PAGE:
The cabrits


Part 2
Natural Setting
The People of Oyouhayo
The Bay for Wood and Water
Site for a Capital

The Cabrits and Prince Rupert Bay

The Cabrits, Prince Bay and Douglas Bay form a capsule that contains a bit of everything that makes Dominica a spectacular example of tropical beauty.  But there is a bonus, for upon the twin hills of the Cabrits lies Fort Shirley and the scattered 18th century garrison that tells us of the island’s history.  Pre-Columbian farmers and warriors lived along the shore and some of the most famous adventurers anchored their vessels here.  Revolts in the cause of liberty were fought and lost among the battlements.

This is an introductory booklet which was first published in 1982 to commemorate the Fort and Battle Bicentennial, 1782 – 1982.  A more detailed version, Historic Prince Rupert’s Bay is in production.

From childhood I was made conscious of these details of nature and history which have continued to hold my fascination.  It is important that the people of Portsmouth and of Dominica generally are aware of these unique features, and I hope that this booklet will encourage the maintenance of the National Park at the Cabrits and the development of Fort Shirley as a center for information and study on every aspect of Dominica’s natural and historical life, a sort of Institute of Dominica to be used by Dominica and visitors alike.

This new edition has been expanded to include colour photographs and a proposal outline.  There is a great deal more to be told about the Cabrits and Prince Ruperts’s Bay but I trust that this little booklet will provide a nucleus for the production of more material on this interesting part of Dominica.

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The Natural Setting

Prince Rupert’s Bay lies between two of Dominica’s largest mountain formations: the volcanic massifs of Morne Aux Diables to the north and Morne Diablotin to the south.  Both are named after Diablotin birds which once inhabited the steeper slopes but became extinct because of over hunting by the French settlers. 

The Bay is in fact formed by ridges running from these two mountains and by the alluvial deposits, the mud and rocks, washed down from the slopes.  The flat land on which the town of Portsmouth stands is so low that in some places it is below sea level.  This caused the formation of many swamps which were the greatest drawback to the settlement and development of the place.  Malaria and Yellow Fever carried by the swamp mosquitoes made the area a notorious graveyard for European soldiers and coloniste.  Not until the 1950’s did eradication campaigns free Portsmouth from this reputation, but by then the Portsmouth from this reputation, but by then the inferior port of Roseau was firmly established as the capital.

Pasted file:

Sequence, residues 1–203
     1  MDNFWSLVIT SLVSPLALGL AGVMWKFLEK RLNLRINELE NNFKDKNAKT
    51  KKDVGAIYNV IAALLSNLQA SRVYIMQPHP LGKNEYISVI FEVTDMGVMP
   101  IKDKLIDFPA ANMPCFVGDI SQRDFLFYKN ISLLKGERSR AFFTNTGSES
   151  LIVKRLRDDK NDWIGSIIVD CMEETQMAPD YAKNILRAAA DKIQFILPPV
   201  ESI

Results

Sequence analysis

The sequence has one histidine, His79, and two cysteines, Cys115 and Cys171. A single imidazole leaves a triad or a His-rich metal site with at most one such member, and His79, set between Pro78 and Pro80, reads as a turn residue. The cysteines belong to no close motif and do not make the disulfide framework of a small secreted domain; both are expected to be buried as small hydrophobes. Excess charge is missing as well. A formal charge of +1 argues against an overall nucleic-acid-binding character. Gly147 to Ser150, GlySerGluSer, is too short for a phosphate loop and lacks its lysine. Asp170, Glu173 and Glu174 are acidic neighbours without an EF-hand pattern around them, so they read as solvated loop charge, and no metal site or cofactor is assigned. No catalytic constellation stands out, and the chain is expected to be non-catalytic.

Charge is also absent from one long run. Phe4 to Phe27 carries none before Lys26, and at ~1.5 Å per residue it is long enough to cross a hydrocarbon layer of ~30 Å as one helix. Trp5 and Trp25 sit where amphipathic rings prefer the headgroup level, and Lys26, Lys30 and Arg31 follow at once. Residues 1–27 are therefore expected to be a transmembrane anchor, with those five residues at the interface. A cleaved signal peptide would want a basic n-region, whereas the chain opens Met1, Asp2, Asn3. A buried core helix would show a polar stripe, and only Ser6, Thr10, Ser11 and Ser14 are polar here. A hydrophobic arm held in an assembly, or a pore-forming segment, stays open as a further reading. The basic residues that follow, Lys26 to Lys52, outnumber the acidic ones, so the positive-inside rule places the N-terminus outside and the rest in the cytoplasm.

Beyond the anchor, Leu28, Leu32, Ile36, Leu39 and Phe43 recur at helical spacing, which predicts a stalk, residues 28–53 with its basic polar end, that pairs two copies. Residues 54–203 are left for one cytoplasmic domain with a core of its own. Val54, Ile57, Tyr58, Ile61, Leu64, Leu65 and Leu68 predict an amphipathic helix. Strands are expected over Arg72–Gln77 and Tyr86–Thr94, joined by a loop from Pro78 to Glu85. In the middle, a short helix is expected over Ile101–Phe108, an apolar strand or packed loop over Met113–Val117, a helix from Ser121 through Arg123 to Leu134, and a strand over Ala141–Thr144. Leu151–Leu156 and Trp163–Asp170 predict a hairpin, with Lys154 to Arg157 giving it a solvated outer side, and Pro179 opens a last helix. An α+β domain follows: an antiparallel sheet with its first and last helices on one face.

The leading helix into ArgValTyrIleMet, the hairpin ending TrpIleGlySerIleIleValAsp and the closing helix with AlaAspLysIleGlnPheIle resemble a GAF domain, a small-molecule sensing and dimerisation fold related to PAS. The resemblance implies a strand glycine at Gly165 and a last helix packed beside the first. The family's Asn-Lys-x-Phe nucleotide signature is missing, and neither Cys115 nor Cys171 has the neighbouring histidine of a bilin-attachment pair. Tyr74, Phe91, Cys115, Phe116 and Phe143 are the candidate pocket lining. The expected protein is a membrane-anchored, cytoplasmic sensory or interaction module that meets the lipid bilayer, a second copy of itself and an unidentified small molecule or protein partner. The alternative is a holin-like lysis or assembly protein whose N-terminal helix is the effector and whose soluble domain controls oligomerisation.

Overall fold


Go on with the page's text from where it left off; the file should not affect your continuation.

The mountains overlooking the Bay are of volcanic origin.  Morne Aux Diables,  The younger of the two massifs, still has sulphur springs near its summit and there are hot springs on the banks of the Picard River.  One nearest the shore is shown on maps of 1768 as having a temperature of 105° F (40° C)  and was recommended as a medicinal bath for ships’ crews.  The twin hills of the Cabrits are the cones of extinct volcanoes similar in origin to Cashacrou or Scotts Head in the south.  The hills were once a separate island until the flat isthmus of sand, coral and stone was formed by the action of the tides and ocean currents sweeping in from Douglas and Prince Rupert’s Bays.

Although the swamps along the Indian River, in Lagon and on the Cabrits isthmus have had their drawbacks, they provide some of the few examples of coastal swamp forest on the island.  Mangrove forest is swamp forest which develops on land regularly in contact with salt water.  Tree families such as Fabaceae and Clusiaceae which can tolerate these conditions are the most common.  The widespreading stilt roots and ‘flying-buttress’ roots enable the plants to obtain oxygen from the air rather than from the waterlogged soil.  The ferns, grasses, palms and other plants which grow along the rivers and at the Cabrits swamp all have their own specialized version of breathing roots.

In its natural state the mangrove swamp plays a vital role in the life cycle of many birds, insects, fish, crab crayfish families.  The trees and these creatures in the early stages of life.  The roots particularly are a veritable nursery for many water-based creatures.  Herons, egrets and doves breed in the trees.  The Cabrit hills are covered with the secondary growth of day deciduous coastal woodland.  In the center of Douglas Bay lies a coral reef which is one kilometer long.  The shore rises steeply into the tropical rainforest and streams tumble through the shady ravines and valleys into the two bays which provide some of the most magnificent tropical scenery in the world.